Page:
Northern Tier is the BSA’s oldest national High Adventure program, outfitting scouting groups for canoe trips since the summer of 1923. Although, it never had a set location until the Charles L. Sommers Base was dedicated on May 17, 1942. The Lodge was built for the inaugural year from timber harvested by the Civilian Conservation Corp (CCC) from blowdown on the Echo Trail. Other buildings were completed in the following year, but the Lodge remains in the same location and roughly the same shape as it did when it was built. Today, it houses the Interpretive Center that covers some of the history of the base.
As the participation at Northern Tier increased, so did the facilities. Eventually, two satellite locations in Canada opened up. Bissett, Manitoba and Atikokan, Ontario began seeing crews in 1972. Land was leased and purchased from the province in 1990 by the BSA in Bissett and the first building was constructed in 1979. Bissett was utilizing floatplanes even during these early years. Nowadays, Bissett is exclusively fly-in trips to begin and end their adventure. Atikokan (Ojibwe for “caribou bones”) leased land from the province near Eye Lake in 1977, but permanent buildings were not allowed to be constructed at this location. Donald Rogert eventually donated land at the current location.
Okpik is the premier Cold Weather Camping Program of the Boy Scouts of America.
For over forty years the Okpik program of Northern Tier National High Adventure Programs has provided safe, exhilarating and challenging adventures for thousands of youth and adult participants. The name, Okpik, comes from the Inuit word for the Arctic or Snowy Owl which has been used as the symbol for the Okpik program since it began in the early 1970’s. Participants learn how to cross-country ski, snowshoe, dogsled, ice fish, build snow shelters and enjoy life in extreme weather conditions and temperatures. A satellite pilot program in Michigan began in winter 2018-2019. While both bases offer different program, the training and logistics coordination is the same quality.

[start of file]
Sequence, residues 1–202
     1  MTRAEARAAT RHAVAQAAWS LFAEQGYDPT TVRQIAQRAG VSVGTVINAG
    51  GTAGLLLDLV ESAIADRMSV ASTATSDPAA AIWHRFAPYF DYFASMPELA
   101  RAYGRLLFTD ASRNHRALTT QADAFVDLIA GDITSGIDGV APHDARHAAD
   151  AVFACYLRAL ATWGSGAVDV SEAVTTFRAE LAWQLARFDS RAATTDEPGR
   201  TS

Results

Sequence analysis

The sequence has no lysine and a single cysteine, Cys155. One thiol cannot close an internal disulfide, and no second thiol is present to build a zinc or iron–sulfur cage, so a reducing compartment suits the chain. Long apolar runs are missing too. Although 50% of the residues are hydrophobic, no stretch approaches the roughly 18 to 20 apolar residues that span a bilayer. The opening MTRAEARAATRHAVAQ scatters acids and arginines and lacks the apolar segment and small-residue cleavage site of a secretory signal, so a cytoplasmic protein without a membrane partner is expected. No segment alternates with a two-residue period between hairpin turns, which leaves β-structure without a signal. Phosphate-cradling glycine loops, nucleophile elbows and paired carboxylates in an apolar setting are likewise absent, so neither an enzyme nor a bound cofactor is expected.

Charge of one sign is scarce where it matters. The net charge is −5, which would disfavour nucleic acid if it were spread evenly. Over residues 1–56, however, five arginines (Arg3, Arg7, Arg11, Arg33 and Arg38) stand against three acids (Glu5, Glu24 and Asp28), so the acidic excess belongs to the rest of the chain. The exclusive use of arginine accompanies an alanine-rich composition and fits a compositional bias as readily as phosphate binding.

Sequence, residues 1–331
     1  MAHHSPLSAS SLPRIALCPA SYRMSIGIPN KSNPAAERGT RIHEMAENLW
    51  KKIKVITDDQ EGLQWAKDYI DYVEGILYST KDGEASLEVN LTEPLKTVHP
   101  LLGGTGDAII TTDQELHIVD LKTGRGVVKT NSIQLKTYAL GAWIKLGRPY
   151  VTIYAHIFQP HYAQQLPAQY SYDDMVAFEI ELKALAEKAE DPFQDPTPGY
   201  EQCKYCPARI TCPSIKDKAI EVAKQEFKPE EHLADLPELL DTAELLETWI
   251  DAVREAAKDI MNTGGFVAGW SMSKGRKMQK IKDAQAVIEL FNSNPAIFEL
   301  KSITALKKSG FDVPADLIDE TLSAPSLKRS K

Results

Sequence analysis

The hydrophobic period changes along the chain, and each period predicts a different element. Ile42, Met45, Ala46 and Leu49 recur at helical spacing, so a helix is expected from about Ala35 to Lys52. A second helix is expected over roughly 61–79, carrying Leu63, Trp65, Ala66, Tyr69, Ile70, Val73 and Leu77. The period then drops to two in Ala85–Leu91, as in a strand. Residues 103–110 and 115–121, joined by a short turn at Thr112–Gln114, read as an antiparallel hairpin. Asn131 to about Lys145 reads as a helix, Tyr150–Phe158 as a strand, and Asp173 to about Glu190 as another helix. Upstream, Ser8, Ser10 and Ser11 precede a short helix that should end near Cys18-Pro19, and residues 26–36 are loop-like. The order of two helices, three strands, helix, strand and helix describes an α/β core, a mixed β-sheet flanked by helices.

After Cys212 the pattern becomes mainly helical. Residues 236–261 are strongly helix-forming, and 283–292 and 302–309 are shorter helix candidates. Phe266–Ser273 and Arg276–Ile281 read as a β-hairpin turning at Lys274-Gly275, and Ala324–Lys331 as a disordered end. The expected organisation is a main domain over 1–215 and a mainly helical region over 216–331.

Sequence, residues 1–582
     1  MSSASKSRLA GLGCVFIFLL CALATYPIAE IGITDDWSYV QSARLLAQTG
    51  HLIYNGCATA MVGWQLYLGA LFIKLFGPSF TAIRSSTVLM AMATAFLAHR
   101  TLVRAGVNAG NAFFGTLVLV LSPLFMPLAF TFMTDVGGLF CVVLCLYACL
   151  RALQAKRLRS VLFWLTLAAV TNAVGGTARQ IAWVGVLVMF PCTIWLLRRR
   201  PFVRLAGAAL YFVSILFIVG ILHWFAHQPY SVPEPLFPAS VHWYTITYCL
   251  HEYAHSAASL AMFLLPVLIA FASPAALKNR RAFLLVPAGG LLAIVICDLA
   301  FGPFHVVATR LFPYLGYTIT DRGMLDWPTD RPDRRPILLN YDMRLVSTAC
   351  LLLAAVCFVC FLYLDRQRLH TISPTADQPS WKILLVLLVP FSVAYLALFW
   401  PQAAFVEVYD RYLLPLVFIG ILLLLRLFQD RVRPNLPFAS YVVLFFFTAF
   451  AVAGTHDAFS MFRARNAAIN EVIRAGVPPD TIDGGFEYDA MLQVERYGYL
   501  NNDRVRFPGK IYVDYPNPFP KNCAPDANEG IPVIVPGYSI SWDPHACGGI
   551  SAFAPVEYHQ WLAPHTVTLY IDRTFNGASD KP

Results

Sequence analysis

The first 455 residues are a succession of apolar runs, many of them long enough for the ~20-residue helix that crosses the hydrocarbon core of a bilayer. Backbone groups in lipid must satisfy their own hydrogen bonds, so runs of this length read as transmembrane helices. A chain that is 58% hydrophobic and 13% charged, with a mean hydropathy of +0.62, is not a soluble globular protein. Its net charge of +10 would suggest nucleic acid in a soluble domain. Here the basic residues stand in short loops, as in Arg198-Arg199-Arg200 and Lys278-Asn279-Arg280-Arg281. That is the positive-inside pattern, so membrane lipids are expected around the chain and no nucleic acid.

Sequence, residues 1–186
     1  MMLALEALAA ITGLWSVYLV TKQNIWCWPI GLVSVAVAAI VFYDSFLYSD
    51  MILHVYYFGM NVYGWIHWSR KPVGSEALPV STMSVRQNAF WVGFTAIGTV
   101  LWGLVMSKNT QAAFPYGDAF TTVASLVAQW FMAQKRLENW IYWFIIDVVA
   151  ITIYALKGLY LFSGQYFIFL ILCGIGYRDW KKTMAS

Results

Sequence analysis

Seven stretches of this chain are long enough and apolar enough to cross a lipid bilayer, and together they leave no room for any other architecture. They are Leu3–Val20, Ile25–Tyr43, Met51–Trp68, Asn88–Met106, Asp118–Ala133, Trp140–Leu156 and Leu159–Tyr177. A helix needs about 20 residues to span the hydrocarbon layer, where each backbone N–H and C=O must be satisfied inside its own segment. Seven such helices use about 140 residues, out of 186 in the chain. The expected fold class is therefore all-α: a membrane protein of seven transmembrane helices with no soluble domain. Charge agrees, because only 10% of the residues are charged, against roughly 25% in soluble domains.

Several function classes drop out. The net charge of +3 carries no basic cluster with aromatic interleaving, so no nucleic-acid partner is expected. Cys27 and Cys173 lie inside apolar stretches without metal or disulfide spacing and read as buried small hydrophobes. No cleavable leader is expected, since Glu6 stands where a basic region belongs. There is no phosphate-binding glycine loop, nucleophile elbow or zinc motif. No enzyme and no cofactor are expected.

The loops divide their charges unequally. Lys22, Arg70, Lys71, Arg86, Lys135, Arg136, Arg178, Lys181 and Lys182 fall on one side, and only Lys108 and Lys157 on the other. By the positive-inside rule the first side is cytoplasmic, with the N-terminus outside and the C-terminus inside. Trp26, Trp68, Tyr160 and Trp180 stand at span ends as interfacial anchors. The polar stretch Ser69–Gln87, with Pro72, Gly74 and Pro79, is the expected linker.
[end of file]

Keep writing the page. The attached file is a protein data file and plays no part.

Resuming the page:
The equipment has even changed throughout the years. For instance, the first canoes were purchased in 1928. They were made of wood and canvas. After 30 years, Joe Seliga began selling wooden canoes to base. The first aluminum canoes were added to the fleet marking the beginning of the end of wooden canoes. The last one was purchased in 1972. The shift has begun to lightweight canoes as the demand for them has risen in the last decade.
North America’s Canoe Country, a vast series of navigable lakes and rivers spanning thousands of square miles, is one of the last great wildernesses on the continent. This boreal forest of waterfalls and bogs, bears and wolves, granite crags and waist-deep mud remains nearly as much of a wilderness as it was for the first fur traders who explored the area in the 1600s. Two centuries after the fur trade’s peak in the early 1800s, our participants still follow in the footsteps of the French-Canadian voyageurs, paddling the same waters and straining over the same portage trails.
Northern Tier has a rich history that is further detailed in A Diamond in the North. Please contact the Northern Tier Store to purchase a copy (218-365-4811).